- Exports top $ 1 b mark for second consecutive month
- Imports soar by 12.6%Trade deficit widens to $ 856 m
Sri Lanka’s external sector showed a mixed performance in August 2017, the Central Bank disclosed yesterday.
It said although export earnings increased in August 2017, higher growth in import expenditure resulted in an expansion of the trade deficit. Despite the increase in tourist earnings in August 2017, the decline in workers’ remittances, together with the expanded trade deficit, dampened the performance of the external current account.
However, the financial account of the Balance of Payments (BOP) was supported by the receipt of the second tranche of the foreign currency term financing facility to the Government along with continued foreign inflows to the Colombo Stock Exchange (CSE) and the government securities market in August 2017.
Surpassing the $ 1 billion mark for the second consecutive month, earnings from exports increased in August 2017, indicating the positive impact of the restoration of the GSP+ facility. Accordingly, earnings from exports increased by 15.5% (year-on-year) to $ 1,001 million in August 2017 mainly due to an increase in industrial exports followed by agricultural exports.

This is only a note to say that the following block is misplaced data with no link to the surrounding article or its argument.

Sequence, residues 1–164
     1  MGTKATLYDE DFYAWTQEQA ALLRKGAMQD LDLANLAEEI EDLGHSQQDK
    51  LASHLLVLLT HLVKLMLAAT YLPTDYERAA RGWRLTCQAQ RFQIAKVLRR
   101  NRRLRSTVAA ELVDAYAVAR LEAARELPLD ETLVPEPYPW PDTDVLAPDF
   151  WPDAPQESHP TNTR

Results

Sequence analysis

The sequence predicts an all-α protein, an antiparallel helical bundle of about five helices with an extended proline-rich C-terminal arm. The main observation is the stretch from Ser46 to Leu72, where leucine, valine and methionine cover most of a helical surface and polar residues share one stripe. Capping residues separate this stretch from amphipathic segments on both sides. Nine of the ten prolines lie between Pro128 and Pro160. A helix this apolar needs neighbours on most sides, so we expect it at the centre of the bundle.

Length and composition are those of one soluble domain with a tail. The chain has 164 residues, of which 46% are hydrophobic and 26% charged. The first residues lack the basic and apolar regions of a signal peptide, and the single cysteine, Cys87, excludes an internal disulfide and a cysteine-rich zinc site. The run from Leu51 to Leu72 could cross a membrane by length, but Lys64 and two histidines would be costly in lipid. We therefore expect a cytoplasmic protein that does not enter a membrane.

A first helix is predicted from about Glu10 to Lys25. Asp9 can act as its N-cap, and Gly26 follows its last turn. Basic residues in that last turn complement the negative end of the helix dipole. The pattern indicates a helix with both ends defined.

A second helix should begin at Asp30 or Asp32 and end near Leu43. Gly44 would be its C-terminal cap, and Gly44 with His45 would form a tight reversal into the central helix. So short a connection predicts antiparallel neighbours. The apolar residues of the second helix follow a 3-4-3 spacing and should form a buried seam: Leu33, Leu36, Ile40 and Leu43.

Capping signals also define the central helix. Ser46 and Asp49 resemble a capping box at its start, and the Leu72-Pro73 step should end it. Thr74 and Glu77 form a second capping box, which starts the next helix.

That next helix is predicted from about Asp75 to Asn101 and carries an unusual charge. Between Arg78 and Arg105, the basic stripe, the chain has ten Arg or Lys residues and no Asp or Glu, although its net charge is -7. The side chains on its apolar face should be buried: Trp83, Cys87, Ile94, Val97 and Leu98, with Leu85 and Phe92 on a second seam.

Earnings from industrial exports grew by 13.1% year-on-year to $ 740 million in August 2017 owing to the increase in exports of textiles and garments. Export earnings from textiles and garments increased by 10.1% year-on-year to $ 433 million with improved garment exports to the EU market.
Accordingly, earnings from garment exports to the EU market increased by 12.2% year-on-year to $ 186 million in August 2017, contributing more than 68% to the growth of garment exports. Meanwhile, garment exports to the US and non-traditional markets also grew by 4.4% and 4.6% year-on-year respectively during the month.
Further, earnings from the export of petroleum products increased significantly by 74.2% year-on-year in August 2017, owing to higher export volumes and prices of bunker and aviation fuel. In addition, the export earnings from food, beverages and tobacco increased significantly by 35.8% year-on-year to $ 35 million, due to increased exports of vegetable, fruit and nuts preparations.
Meanwhile, export earnings from gems, diamonds and jewellery (23.6%), machinery and mechanical appliances (14.0%), and rubber products (4.1%) increased during the month compared to the corresponding month of the previous year. However, export earnings from base metals and articles, printing industry products and transport equipment declined in August 2017.
Earnings from agricultural exports increased substantially by 22.8% year-on-year to $ 255 million in August 2017, reflecting improved performance in almost all subcategories. Export earnings from tea increased significantly by 20.6% year-on-year to $ 131 million, mainly due to higher prices in the international market despite the reduction in exported volumes.
In line with higher tea prices in the international market, the average export price of tea increased by 22.3% to $ 5.29 per kg in August 2017 from $ 4.33 per kg in August 2016. The volume of tea exports declined by 1.3% to 24.8 kg million in August 2017 from 25.1 kg million in August 2016.